For the avoidance of any doubt, I voted remain, and I am strongly opposed to a no deal Brexit. However, as an environmentalist, I am beginning to think that there may yet be something positive to come from all this. I realise I may be clutching at straws, but bear with me…..
In 2006, the economist Nicholas Stern argued that tackling the climate crisis would require an annual investment equivalent to 1% of global GDP, with the overall costs increasing for every further year of delay. In doing so, he deliberately framed the climate debate firmly in the language of business and economists, in the hope that the prospects of improved returns on investment would galvanise decision-makers into action.
As we all now know, the scale of the problem has increased markedly since then, rather than reducing. Medium term gains never seem to win out over short-term ones, and the investment proposal made to the world by Nick Stern was not adopted to any meaningful extent. At the same time, the chorus of voices highlighting the inadequacy of GDP as a measure of success has grown louder, from Tim Jackson’s “Prosperity Without Growth” and David Pilling’s “The Growth Delusion” to David Cameron’s attempts to introduce a new measure of national wellbeing.
In the long-run of course, there is no choice to be made between economy and ecology. Every aspect of industry, society and human endeavour is in effect a wholly-owned subsidiary of the biosphere; without the benefit of life-giving ecosystems around us, we would not even have oxygen in our lungs, let alone another point or two of GDP. Yet despite the tireless efforts of certain groups and individuals, the hegemony of short-term economic gain as measured by GDP has remained dominant. Whatever the issue or debate in public life, short-term economic growth has always won out in the end over every other consideration. Elections around the western world have tended to be won by those who best understood the eternal truth that “it’s the economy, stupid.”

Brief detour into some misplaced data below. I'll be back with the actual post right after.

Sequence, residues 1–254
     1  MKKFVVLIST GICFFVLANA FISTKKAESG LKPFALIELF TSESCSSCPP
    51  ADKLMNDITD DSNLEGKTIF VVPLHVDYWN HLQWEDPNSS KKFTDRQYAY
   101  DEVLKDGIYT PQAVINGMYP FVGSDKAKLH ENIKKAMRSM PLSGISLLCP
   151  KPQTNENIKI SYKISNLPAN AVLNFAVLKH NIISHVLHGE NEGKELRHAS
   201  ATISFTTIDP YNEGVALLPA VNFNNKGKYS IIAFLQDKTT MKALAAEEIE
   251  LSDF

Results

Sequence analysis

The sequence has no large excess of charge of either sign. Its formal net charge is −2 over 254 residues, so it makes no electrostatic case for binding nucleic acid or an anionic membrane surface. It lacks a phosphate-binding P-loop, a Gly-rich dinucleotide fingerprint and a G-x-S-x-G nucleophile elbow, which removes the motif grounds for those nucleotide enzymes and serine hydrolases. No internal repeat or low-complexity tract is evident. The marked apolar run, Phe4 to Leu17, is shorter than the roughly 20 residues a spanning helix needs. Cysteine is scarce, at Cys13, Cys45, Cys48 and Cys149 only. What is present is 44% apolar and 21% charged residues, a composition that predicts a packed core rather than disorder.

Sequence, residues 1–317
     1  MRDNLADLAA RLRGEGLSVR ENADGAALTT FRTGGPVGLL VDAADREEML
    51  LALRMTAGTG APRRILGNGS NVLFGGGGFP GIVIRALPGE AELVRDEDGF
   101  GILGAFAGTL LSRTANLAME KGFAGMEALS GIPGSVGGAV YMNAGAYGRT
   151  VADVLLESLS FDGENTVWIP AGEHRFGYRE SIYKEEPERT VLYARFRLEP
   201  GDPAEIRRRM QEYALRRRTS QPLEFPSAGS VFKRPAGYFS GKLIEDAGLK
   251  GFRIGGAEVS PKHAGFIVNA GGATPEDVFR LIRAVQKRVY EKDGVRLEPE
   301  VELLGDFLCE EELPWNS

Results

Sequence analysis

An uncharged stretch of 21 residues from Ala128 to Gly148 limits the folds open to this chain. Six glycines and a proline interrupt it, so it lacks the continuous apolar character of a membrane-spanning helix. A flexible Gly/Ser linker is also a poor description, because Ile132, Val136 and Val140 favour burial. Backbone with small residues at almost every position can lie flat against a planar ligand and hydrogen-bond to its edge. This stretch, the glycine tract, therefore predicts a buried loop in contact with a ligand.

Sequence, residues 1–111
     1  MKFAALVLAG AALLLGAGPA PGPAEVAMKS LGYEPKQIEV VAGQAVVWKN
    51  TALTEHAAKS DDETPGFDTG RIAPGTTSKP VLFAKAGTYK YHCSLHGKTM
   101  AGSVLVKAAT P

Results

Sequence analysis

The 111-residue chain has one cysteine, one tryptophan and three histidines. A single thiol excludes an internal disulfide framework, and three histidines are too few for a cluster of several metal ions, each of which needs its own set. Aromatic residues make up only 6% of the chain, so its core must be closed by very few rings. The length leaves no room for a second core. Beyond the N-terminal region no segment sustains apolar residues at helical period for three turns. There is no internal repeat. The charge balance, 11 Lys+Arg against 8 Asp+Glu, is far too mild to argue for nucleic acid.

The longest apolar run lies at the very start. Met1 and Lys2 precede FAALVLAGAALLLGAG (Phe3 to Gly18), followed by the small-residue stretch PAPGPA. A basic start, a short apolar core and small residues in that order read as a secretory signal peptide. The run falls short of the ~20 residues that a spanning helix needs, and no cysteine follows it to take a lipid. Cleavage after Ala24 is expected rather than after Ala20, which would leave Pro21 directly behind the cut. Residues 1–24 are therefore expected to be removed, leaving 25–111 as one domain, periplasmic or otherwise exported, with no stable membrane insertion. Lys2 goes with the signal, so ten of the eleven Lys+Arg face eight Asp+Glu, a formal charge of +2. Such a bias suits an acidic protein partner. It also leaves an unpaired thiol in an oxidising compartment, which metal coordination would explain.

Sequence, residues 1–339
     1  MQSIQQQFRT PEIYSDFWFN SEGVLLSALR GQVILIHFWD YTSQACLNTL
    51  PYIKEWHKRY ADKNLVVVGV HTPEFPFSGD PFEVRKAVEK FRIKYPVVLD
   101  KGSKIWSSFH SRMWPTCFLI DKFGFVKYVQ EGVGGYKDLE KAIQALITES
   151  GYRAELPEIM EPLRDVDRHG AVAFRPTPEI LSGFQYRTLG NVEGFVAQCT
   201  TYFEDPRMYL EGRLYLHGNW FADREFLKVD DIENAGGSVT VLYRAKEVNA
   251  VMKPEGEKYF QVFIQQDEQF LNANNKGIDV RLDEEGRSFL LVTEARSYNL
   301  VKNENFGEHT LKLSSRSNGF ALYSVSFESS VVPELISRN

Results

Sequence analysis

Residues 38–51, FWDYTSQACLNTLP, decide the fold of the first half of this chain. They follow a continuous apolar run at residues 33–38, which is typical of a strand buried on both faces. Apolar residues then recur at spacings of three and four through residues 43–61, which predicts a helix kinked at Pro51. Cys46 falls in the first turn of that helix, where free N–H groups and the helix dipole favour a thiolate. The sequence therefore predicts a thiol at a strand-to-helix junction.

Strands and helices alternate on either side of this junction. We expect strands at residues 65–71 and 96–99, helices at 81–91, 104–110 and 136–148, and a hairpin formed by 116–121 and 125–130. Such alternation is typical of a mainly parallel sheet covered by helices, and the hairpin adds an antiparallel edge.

Could this be about to change?
While I’m not going to add to the predictions of how a no-deal Brexit would pan out (if indeed it happens at all), there seems little serious room for doubt now that it would come at a cost to short-term economic growth and prosperity. And yet the current Government clearly believes that a self-inflicted dip in GDP is a price worth paying, and an outcome that a sufficient proportion of the population will support.
So here’s my silver lining; if we have to leave with no deal, at least we will have demonstrated to ourselves, whether willingly or not, that sometimes the economy’s immediate prospects have to come second to longer-term considerations. Fortress GDP will have been breached by a bigger argument. If we are going to do that in the name of Brexit, might we then be better able to do the same thing again for the much more fundamental goal of transitioning to a low-carbon, one-planet future?
Blog by Stephen Farrant